Authored by Brian Niiya , Densho

For More Information

Brown, Daniel James. Facing the Mountain: A True Story of Japanese American Heroes in World War II . New York: Viking, 2021.

Hughes, John C. "Fred Shiosaki: The Rescue of the Lost Battalion," Olympia: Legacy Washington, Office of Secretary of State, 2015.

Shiosaki, Fred. Interview by Tom Ikeda , Spokane, Washington, Apr. 26–27, 2006, Densho Visual History Collection, Densho Digital Repository.

Footnotes

  1. Fred Shiosaki Interview by Tom Ikeda, Spokane, Washington, Apr. 26–27, 2006, Segements 1–3, Densho Visual History Collection, Densho Digital Repository, https://ddr.densho.org/media/ddr-densho-1000/ddr-densho-1000-190-transcript-f146cb4c46.htm ; John C. Hughes, "Fred Shiosaki: The Rescue of the Lost Battalion" (Olympia: Legacy Washington, Office of Secretary of State, 2015), 5–7, http://finditconsumer.wa.gov/legacy/washington-remembers/stories/fred-shiosaki/pdf/shiosaki-pdf.pdf ; Daniel James Brown, Facing the Mountain: A True Story of Japanese American Heroes in World War II (New York: Viking, 2021), 43–44. Shiosaki gives his birthdate as August 23 in his Densho interview, but it is listed as August 22 in the state birth registry. See Fred Akira Shiosaki, Washington, County Birth Registers, 1873–1965, accessed on Jan. 16, 2021 at https://www.familysearch.org/ark:/61903/1:1:63D2-YX2M .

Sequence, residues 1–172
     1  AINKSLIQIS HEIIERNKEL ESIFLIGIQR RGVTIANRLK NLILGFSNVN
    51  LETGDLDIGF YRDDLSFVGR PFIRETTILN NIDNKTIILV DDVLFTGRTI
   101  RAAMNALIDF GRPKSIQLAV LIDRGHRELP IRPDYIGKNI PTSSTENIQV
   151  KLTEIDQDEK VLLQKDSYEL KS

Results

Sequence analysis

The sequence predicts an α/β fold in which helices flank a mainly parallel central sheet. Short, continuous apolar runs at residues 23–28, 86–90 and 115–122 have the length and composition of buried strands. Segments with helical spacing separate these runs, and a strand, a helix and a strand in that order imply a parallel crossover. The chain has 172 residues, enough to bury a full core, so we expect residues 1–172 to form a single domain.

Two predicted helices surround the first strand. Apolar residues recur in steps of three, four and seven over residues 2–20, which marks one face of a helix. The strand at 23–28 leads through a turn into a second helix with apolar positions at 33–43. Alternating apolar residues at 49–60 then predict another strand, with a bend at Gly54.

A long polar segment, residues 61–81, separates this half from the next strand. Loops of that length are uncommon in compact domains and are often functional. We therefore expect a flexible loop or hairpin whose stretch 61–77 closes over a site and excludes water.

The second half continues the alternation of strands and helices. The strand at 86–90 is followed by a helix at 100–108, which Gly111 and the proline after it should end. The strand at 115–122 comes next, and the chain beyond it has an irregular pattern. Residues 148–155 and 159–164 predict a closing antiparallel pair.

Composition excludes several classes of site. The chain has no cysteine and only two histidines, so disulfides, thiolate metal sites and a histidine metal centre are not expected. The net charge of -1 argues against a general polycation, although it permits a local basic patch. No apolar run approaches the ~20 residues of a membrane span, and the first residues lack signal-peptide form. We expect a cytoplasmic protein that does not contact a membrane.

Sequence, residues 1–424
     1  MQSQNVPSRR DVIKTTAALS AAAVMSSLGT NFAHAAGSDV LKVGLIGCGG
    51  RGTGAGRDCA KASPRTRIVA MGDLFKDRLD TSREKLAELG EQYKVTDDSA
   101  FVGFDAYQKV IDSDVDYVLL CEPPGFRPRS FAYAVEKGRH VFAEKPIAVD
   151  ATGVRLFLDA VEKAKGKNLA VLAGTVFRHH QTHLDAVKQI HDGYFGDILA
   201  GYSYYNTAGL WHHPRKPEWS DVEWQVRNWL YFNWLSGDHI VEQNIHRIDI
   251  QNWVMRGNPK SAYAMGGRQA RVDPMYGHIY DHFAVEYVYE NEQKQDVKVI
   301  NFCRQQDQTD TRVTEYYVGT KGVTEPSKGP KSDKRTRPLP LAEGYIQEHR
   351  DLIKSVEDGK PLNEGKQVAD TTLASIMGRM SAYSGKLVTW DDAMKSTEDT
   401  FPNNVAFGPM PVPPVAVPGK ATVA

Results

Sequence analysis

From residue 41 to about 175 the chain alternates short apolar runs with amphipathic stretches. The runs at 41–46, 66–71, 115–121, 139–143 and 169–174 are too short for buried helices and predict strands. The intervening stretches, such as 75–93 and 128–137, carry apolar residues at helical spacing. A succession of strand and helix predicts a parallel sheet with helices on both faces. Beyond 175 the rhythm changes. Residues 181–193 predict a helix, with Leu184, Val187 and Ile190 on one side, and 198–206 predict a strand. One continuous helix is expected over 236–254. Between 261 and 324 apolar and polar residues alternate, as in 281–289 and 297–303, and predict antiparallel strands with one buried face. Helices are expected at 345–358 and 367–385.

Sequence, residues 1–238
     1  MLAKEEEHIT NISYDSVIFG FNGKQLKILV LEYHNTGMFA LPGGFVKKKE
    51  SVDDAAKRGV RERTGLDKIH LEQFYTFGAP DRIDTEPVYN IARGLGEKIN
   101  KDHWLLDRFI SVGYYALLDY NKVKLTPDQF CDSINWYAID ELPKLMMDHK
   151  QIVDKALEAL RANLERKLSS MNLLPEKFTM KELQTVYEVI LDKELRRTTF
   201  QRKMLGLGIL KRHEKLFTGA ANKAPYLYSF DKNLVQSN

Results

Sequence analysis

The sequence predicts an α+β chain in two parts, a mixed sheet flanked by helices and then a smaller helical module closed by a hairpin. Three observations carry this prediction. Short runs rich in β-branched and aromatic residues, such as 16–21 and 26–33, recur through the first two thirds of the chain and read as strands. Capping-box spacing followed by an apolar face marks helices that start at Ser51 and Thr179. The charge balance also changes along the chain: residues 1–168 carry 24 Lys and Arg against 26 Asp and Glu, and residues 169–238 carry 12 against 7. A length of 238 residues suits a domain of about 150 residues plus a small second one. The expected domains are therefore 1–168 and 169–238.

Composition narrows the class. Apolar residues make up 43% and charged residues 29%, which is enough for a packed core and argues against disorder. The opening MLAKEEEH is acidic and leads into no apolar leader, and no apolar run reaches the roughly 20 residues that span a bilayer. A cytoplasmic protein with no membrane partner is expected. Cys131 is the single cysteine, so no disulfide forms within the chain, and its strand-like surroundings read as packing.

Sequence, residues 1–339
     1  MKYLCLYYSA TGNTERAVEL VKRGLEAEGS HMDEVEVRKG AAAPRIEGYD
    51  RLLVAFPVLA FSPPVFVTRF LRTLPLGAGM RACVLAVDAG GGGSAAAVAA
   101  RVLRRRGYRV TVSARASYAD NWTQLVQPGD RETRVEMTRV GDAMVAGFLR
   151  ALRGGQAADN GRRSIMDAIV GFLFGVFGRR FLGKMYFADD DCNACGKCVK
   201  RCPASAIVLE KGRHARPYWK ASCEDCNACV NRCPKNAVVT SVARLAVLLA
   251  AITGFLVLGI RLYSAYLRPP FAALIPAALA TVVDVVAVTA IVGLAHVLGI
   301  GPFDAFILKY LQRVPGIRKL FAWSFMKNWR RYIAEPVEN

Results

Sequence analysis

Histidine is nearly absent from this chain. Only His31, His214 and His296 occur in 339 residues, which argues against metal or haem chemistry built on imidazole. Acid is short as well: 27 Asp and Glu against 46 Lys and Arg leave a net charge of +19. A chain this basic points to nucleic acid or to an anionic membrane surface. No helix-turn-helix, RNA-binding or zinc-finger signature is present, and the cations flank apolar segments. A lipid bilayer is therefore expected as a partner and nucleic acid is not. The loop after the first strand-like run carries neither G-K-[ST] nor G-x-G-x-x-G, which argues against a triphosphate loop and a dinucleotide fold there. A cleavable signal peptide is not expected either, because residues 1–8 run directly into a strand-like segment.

2. Shiosaki Interview, Segments 4–9; Hughes, "Fred Shiosaki," 6–8.
  3. Shiosaki Interview, Segments 11–12, 14.
  4. Shiosaki Interview, Segments 10, 13 and 15; Brown, Facing the Mountain , 117–18; Hughes, "Fred Shiosaki," 7–8.
  5. Shiosaki Interview, Segments 17–22; Hughes, "Fred Shiosaki," 21–22; Fred A. Shiosaki, United States World War II Army Enlistment Records, 1938-1946, accessed on Jan. 16, 2021 at https://www.familysearch.org/ark:/61903/1:1:K85Z-MGG .
  6. Brown, Facing the Mountain , 236–39, 262–63, 320, 336, 346, 351, 359, 368, 402, 446; Hughes, "Fred Shiosaki," 3, 23–33.
  7. Shiosaki Interview, Segments 19, 43–46; Hughes, "Fred Shiosaki," 34–35; Brown, Facing the Mountain , 463–65.
  8. Hughes, "Fred Shiosaki," 35–39; Facing the Mountain , 464–65; Shiosaki Interview, Segments 47–48; Fred A. Shiosaki obituary, The Seattle Times , Apr. 14, 2021, accessed on April 15, 2021 at https://obituaries.seattletimes.com/obituary/fred-shiosaki-1082054438 .

Last updated April 16, 2021, 4:38 p.m..